His limo was often parked directly in front of our building.
Golly, the shows Tommy Tune directed -- this guy could really put a hit together. The list is amazing; the awards he got are amazing; the way he's done what he wanted to do with no clear career pattern tells me that this man hasn't been seeking money, or fame, or notoriety.
That's why I want to write about him. This man takes on a job that interests him, and brings to it all the talents he has -- the visual artist, painter, costume creator, set designer, casting agent, as well as the dancer, choreographer, director. Top billing, I think, goes to the dancer aspects of this guy. He was one, is one, and everything he does right now continues to have what I call the dancer mentality. (Yes, it takes one to know one.)
Tommy sees patterns; he knows physicality, and the joy of expressing himself in movement. He can really move -- bet I could teach him the dance that I do every day -- the steps are simple, but performing them is not simple.
It's revisiting -- ala Stanislavsky, (method acting) -- a room. Seeing it, noting everything -- ceiling, walls, outlets, and cracks on the walls, furniture, floor, marks on the floor -- discovering everything freshly. Mostly, a dancer doesn't discover freshly. The dancer locks in a movement by repeating it, practicing it's like a conditioned reflex. Only a real dancer, though it's locked in as a reflex, creates the movement as he dances -- performs it, as if it has never been done before.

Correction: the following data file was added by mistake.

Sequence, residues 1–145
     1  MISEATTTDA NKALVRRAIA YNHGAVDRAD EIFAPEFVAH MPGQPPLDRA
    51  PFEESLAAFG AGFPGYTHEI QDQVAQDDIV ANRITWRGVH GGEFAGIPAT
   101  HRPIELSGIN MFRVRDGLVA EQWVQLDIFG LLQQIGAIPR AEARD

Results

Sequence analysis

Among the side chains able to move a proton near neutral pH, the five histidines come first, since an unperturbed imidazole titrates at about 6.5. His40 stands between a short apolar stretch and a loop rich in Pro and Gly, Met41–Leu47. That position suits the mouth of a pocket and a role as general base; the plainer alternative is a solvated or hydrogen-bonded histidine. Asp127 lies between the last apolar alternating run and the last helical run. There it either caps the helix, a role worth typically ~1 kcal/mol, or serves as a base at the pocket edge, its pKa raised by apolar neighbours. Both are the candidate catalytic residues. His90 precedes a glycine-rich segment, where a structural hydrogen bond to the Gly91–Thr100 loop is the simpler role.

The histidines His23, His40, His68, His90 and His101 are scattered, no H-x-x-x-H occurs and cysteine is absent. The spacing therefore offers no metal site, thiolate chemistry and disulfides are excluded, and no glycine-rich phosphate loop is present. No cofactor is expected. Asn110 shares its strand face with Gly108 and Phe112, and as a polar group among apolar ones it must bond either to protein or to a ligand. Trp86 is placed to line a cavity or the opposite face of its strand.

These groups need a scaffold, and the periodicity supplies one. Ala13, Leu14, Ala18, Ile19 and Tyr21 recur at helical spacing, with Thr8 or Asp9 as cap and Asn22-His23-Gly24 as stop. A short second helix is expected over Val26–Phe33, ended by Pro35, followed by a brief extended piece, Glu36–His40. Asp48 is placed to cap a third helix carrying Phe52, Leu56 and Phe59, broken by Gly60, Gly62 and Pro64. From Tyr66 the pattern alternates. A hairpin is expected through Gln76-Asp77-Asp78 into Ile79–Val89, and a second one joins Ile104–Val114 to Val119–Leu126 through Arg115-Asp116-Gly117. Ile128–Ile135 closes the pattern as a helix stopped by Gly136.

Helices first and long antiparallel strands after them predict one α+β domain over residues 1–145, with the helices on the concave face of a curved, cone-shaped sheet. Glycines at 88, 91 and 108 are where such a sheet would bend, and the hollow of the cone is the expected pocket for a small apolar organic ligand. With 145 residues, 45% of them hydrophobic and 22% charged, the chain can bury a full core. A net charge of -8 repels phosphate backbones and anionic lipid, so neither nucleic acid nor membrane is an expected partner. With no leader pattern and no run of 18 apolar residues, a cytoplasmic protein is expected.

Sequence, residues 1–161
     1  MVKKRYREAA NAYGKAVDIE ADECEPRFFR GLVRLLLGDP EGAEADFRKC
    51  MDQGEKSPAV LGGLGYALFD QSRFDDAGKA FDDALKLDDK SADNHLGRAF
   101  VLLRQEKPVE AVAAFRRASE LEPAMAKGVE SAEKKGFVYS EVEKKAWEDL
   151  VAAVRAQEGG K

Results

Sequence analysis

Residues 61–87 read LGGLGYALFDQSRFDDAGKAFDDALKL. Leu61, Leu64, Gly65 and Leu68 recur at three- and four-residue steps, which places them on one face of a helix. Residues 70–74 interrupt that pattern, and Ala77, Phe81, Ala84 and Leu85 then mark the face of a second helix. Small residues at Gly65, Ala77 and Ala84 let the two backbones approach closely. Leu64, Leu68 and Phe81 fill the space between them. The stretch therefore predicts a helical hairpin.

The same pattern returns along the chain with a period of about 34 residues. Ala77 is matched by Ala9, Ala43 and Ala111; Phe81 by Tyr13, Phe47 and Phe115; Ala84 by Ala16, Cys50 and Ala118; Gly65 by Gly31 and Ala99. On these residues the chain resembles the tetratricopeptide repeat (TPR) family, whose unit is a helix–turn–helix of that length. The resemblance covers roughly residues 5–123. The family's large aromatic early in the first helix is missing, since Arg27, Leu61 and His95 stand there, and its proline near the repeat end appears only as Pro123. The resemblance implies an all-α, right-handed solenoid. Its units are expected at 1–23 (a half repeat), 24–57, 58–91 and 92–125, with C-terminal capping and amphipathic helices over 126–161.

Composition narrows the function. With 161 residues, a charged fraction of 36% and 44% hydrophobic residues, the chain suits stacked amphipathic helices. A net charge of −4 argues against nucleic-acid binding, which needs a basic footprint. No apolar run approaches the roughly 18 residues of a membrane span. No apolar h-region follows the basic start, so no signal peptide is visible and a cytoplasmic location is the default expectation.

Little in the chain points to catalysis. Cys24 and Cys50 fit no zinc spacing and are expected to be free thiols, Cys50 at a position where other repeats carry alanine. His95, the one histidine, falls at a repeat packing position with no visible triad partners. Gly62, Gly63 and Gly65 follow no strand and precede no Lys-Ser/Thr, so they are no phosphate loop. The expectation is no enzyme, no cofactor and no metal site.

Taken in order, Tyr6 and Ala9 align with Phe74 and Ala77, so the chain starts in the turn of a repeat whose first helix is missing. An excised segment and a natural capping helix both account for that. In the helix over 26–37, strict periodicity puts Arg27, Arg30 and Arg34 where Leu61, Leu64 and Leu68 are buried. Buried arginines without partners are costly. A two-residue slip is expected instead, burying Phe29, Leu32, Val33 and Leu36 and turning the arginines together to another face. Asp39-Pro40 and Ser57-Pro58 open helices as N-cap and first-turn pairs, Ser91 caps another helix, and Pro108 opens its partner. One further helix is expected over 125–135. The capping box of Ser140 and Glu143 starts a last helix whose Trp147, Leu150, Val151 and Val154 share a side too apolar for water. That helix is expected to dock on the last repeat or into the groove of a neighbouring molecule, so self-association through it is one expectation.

Is Tommy Tune my favorite male dancer? No, but he's my favorite creator in the field of movement for the stage. Oh my -- how young he is, despite the fact that he's in his early seventies now, and 6'6." Surely he has knees, back, hip areas that are worn down, and plenty of aches and pains.
I have to confess, I especially like the fact that he came to my show when crowds were coming (I was temporarily chic when my dance-drama "Zinnia" was being performed on weekends at the Colonnades Theater (across from Joe Papp's huge building). Tune told a lot of people that "Zinnia," my dancing brought tears to his eyes.
My husband, John Cullum co-directed this dance-drama. The music was Mahler's Tenth Symphony. Carole Mayo Jenkins played the speaking character. I was "Zinnia," the child dream aspect of the actress. The truth is, I wear Tommy Tune's praise -- that sentence he said -- like an orchid, pinned to my blouse.
Here's Tommy Tune, talking, singing, dancing around the way he's been doing all of his life, telling his own story.